Saturday, September 06, 2008

Spring is in the air. Autumn is in the heart

Dear blog,

It’s been a while.

Much has happened since my last entry.

The world has changed considerably, but not many would notice. Most go about their lives in their own personal fog, seeing just in front of them, just enough to get through the haze, so as not to bump into inanimate objects, animate objects, or fall off the edge.

That’s why the main path remains the main path.

Yes, pockets of folk find minor paths and deviate, change direction, searching for newer paths, of older, smarter paths, like the one that leads to a cleaner environment, a softer, safer, kinder, smarter living place, but the big path, the one most of us are on, the one I call the lemming-path, that one remains the same, packed, chocked, clogged with scrambling, stumbling humanity.

Just when you think it is safe to relax, to buy a new telly, to go on a short holiday to Lithuania, Georgia invades your home town in Ossetia, bombs your neighbour and you freak out, scream, wail and complain bitterly, which is right and proper.

Your screams are heard and so your Russian mates invade Georgia and bomb the hell out of anybody living in the vicinity and Georgians scream and shout and run for their lives, which is understandable in the circumstances.

On another side, in the US, the election campaign, the one that never ends, takes a new and amazing turn.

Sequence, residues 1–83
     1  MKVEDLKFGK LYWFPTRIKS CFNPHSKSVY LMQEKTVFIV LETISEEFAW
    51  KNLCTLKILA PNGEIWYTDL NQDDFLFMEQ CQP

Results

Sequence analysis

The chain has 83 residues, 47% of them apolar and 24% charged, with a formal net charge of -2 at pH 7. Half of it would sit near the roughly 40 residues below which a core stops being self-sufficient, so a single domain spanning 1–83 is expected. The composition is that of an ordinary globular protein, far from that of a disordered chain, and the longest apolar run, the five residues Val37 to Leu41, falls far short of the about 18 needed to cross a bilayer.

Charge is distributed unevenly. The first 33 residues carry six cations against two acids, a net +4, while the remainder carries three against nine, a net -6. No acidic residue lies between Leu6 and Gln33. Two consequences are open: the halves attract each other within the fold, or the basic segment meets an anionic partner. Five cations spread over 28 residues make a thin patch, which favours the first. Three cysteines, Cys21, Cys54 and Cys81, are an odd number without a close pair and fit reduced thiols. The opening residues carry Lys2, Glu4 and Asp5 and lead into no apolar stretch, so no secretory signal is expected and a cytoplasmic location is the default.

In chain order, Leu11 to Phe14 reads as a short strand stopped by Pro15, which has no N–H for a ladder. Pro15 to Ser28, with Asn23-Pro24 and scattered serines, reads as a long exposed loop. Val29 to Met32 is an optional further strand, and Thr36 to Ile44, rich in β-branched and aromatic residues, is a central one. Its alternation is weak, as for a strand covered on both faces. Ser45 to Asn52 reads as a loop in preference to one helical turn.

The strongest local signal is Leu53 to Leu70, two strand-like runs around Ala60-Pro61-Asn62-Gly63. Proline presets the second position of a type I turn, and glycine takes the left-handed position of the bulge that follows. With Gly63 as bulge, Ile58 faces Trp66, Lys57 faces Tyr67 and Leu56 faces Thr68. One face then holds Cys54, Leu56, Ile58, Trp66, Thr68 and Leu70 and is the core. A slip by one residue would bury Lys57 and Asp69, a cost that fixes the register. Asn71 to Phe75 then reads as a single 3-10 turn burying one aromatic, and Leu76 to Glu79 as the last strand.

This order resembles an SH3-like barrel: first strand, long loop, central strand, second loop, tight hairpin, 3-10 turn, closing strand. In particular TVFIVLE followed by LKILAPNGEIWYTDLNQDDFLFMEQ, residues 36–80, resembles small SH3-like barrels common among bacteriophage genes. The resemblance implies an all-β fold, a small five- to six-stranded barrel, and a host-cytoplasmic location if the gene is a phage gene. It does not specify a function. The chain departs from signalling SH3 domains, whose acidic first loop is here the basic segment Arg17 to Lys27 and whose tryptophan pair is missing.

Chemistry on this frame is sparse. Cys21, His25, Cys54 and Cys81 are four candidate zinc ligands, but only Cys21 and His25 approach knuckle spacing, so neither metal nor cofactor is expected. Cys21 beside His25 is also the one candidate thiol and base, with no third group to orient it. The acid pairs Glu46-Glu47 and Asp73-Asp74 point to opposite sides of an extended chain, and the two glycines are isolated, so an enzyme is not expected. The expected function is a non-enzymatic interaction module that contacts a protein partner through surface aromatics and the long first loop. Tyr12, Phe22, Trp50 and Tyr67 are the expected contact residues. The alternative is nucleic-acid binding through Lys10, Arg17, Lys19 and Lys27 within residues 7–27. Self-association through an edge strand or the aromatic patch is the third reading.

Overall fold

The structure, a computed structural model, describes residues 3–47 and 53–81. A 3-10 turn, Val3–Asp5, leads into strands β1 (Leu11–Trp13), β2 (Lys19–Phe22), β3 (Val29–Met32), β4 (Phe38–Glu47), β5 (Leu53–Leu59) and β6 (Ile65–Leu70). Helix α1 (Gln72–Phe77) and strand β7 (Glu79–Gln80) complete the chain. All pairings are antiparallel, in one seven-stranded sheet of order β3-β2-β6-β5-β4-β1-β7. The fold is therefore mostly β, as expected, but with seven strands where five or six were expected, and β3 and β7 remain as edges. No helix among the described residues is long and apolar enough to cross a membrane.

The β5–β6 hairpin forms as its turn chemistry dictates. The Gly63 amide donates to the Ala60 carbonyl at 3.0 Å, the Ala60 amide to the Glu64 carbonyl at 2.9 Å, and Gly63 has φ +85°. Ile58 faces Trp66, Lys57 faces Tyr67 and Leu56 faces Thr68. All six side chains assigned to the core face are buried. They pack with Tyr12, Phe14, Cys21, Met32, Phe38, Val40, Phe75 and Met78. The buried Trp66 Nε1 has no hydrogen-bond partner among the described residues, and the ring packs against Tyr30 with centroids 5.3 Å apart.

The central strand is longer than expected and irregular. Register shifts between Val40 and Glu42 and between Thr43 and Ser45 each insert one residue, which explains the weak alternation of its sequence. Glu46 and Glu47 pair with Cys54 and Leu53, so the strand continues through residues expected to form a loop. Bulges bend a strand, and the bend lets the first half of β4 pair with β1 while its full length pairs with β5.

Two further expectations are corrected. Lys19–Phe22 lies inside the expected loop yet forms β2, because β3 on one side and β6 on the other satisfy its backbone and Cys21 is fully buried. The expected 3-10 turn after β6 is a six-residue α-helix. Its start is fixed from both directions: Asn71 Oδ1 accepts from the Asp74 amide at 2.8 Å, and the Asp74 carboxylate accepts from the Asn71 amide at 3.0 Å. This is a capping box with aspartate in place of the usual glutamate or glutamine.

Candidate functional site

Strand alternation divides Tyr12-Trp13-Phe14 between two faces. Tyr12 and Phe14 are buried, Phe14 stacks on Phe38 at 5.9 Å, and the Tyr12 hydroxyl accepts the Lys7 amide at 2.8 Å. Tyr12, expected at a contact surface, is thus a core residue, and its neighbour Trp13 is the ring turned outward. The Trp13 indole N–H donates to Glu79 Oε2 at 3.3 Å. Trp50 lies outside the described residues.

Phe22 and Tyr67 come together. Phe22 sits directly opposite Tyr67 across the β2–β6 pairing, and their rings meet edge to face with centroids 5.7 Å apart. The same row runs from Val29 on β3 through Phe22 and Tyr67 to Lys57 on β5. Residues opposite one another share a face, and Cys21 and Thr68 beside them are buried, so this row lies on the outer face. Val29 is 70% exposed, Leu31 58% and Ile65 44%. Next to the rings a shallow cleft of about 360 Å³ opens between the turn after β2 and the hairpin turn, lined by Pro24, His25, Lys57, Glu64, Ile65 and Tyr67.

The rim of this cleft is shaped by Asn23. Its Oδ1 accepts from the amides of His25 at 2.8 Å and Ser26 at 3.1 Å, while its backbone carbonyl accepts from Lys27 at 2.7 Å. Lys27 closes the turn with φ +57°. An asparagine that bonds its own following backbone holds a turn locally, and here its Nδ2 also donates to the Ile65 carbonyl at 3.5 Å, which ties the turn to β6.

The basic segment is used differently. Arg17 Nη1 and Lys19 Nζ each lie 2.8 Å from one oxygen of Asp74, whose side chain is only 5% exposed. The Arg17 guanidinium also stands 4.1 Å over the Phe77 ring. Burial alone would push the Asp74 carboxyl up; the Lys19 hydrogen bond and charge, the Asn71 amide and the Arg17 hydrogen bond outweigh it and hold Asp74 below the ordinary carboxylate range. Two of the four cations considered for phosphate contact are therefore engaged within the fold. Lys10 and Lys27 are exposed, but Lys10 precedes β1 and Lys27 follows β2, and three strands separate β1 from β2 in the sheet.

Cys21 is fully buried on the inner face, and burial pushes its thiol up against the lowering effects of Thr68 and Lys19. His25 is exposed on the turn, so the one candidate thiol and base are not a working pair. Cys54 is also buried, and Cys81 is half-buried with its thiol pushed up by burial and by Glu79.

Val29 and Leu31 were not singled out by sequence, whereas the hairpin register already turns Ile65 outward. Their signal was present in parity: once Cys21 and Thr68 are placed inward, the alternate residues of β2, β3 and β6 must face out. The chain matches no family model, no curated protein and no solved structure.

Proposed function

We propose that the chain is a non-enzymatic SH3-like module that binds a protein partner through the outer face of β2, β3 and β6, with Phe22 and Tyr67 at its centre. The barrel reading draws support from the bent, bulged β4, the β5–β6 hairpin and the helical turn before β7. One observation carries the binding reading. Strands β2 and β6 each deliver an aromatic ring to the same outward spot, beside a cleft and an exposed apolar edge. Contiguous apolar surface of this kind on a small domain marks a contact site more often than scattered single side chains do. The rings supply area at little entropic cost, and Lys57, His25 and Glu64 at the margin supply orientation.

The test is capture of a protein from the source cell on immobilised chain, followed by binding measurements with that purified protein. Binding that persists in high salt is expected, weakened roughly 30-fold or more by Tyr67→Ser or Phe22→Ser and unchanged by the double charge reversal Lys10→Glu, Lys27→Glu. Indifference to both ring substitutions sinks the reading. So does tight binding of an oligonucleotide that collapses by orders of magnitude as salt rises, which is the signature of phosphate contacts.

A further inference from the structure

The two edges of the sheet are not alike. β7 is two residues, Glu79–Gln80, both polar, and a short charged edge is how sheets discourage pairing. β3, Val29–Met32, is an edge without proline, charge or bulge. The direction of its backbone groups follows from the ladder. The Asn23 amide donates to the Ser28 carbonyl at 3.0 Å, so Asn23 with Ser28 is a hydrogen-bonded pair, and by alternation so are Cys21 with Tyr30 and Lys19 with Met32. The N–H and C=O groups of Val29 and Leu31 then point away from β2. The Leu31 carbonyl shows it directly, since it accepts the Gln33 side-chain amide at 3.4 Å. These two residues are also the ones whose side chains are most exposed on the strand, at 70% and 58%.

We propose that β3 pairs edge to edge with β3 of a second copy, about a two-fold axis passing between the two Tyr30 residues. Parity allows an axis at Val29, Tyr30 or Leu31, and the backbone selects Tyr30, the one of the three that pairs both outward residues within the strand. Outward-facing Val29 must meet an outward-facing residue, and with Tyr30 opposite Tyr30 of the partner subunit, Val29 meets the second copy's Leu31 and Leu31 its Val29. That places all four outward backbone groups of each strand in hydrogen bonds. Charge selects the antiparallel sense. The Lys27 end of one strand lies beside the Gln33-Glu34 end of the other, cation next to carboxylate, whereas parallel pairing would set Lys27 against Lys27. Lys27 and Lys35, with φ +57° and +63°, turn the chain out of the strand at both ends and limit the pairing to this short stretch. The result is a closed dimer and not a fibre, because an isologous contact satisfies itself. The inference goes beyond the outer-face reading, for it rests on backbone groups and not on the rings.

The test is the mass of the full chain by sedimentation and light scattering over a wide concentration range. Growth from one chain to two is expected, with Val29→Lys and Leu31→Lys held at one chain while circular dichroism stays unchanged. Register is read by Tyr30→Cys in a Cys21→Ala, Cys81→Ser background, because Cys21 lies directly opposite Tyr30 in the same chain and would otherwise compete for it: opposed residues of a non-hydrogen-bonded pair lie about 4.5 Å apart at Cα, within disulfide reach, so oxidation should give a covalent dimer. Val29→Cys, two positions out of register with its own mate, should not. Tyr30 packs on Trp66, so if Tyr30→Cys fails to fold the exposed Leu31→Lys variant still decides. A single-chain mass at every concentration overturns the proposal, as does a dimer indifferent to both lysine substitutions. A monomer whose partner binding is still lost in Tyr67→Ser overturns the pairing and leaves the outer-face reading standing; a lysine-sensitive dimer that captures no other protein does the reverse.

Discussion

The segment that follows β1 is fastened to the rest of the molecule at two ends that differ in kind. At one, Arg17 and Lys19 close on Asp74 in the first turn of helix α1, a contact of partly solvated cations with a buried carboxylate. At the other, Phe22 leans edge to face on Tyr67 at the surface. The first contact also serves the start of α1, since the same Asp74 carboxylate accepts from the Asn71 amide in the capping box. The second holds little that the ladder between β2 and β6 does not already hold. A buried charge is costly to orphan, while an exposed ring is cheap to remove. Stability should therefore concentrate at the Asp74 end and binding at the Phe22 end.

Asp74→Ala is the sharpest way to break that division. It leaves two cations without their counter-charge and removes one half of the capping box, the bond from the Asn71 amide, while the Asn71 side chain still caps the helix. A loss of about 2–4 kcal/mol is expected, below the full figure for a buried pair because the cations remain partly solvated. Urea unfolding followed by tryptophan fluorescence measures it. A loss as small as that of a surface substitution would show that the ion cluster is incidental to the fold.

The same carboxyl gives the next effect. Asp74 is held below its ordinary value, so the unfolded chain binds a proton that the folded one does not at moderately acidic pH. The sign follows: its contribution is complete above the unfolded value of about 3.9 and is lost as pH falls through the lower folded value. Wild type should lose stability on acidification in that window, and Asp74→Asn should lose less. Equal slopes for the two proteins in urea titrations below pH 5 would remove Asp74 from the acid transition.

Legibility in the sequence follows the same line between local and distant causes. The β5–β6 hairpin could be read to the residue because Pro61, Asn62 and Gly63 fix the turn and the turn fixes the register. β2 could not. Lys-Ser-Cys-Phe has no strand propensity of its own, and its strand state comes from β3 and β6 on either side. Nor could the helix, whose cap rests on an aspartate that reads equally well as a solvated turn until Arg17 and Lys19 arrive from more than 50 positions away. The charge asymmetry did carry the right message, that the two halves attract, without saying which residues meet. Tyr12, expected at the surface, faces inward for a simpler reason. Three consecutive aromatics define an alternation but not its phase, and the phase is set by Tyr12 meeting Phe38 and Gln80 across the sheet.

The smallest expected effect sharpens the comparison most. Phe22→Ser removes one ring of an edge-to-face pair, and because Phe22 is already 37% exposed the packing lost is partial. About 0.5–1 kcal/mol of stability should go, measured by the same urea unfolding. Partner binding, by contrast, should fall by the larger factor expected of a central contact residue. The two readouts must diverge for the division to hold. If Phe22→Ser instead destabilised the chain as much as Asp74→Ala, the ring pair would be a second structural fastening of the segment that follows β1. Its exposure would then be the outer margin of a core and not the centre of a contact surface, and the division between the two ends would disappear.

A woman, one that no-one has ever heard of, is promoted out of nowhere to become the running mate of the Republican offering, John McCain.

She shoots wild animals for fun; she runs Alaska; her husband races huskies; her kids are numerous, one of them not long born; another, an older child still in school, is pregnant.

Her photograph has never appeared in any paper outside of Alaska, ever.

She stands to speak at the Republican convention.

She uses her index finger to point, they all do, it’s a feature of American political campaigning. All candidates walk on stage and point. There are 100,000 people in the room, the candidates know all of them and point at each one in turn, as thought astounded and amazed that amongst the great throng that they, that individual, of all people, would be there supporting them, the candidate.